You may be right, Sir. They do things differently in the Colonies  Smiley

However, it's possible to bow in a sarcastic manner, I suspect it may be possible to do something simiular in the field of hat-doffing.

After a little research, I find that the derivation for handicapped I mentioned earlier is false, too. I stand by denigrate, though.
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walkthebassline
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« Reply #15 on: November 17, 2011, 03:45:12 pm »


The article may be US-centric and customs may differ a little.


You may be right, Sir. They do things differently in the Colonies  Smiley

However, it's possible to bow in a sarcastic manner, I suspect it may be possible to do something simiular in the field of hat-doffing.

After a little research, I find that the derivation for handicapped I mentioned earlier is false, too. I stand by denigrate, though.


I assumed it was referring to tipping your hat in a sarcastic manner, or as if to a woman.
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TimeTinker
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« Reply #16 on: November 17, 2011, 04:44:16 pm »

I assumed it was referring to tipping your hat in a sarcastic manner,
or as if to a woman.
[/quote]

I am sorry but I do not know how one would differentiate there - how does the act of tipping one's hat actually differ between men and women?  Do you have a way to tip a hat in the colonies that differs from how you would tip your hat to a gentleman? Since I am working on etiquette for steampunks for one of my upcoming books I would love a little help if you could be so kind.

Sarcasm in the act is of course relevant but one would simply receive it as someone being sarcastic about being polite and no inference of gender as such.  Making to kiss a chap's hand though... that's another thing. Cheesy

I agree with your root of denigrate Lady Chrystal.  Of course as you point out it is referring to "blacken" in a non-racist sense (e.g. make dirty with soot) and thus could be equated with concepts such as "tarnishing" or "besmirch" (the past participal in medieval English meaning marked or dirtied) and possibly even onto things described as "smutty".  This concept of "dirt" has a lot of mileage in insults and terms.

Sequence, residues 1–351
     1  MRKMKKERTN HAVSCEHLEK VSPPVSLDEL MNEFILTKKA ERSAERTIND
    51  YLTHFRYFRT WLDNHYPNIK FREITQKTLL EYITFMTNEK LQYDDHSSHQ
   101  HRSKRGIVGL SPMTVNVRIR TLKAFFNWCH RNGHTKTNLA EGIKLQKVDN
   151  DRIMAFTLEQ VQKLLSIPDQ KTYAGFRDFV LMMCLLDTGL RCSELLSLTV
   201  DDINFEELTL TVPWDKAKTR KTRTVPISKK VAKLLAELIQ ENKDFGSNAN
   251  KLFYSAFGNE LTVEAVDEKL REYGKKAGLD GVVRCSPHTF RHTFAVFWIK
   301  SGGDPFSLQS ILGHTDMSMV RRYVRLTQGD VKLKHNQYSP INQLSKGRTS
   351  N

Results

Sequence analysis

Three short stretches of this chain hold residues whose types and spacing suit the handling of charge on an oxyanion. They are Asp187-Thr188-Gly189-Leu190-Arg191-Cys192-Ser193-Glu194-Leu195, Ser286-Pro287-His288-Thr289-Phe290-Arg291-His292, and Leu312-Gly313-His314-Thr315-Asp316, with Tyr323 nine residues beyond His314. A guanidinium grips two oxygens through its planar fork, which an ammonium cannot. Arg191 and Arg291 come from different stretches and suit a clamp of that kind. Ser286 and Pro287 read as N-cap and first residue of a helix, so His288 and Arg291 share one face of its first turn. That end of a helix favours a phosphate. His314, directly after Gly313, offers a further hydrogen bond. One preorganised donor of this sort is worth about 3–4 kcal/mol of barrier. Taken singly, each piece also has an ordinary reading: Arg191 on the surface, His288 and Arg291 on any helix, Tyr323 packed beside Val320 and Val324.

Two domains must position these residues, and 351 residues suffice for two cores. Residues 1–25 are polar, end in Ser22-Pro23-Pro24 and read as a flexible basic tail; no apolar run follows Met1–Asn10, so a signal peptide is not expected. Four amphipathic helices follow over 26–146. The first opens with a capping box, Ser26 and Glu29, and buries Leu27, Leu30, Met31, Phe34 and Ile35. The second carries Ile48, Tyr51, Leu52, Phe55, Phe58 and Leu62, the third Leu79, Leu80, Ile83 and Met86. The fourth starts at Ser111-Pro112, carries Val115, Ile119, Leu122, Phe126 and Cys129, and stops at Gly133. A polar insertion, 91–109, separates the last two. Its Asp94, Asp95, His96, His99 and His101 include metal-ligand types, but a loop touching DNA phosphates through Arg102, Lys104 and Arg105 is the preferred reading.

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walkthebassline
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« Reply #17 on: November 17, 2011, 04:58:44 pm »

I guess that was a bit vague; I was thinking less the action of tipping the hat itself and more the overall body language involved. Not sure I can even explain what I'm envisioning, but essentially that men tipping their hats to one another would be as equals showing mutual respect, whereas a man tipping his hat to a woman might comport himself differently. Not that he is better per se, but that he is showing respect to a woman rather than acknowledging another man. I do understand the hierarchy that existed and to some degree still exists between men of varied social levels, but I'm not sure that was as prevalent everywhere in the colonies. (Others may correct me on that.) But that would still constitute sarcasm, so there you go.

In any case I really could have stopped that sentence at the comma, so lets just do that. I had not finished my morning coffee when I wrote that. Sorry for the confusion.
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TimeTinker
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« Reply #18 on: November 17, 2011, 06:07:48 pm »

No need to apologise.  I thought I was on to a little gem of a transatlantic ettiquette difference that is all.

On the Mug topic...

It seems mug originated as a word in the sixteenth century from the scandinavian terms for a drinking vessel, jug or bowl. (Swedish "mugg" and Norwegian "mugge") At the same time the fashion developed for such vessels and indeed some bottles to have human faces on them (generally grotesque).  Mug very quickly became a slang term for an often grotesque human face.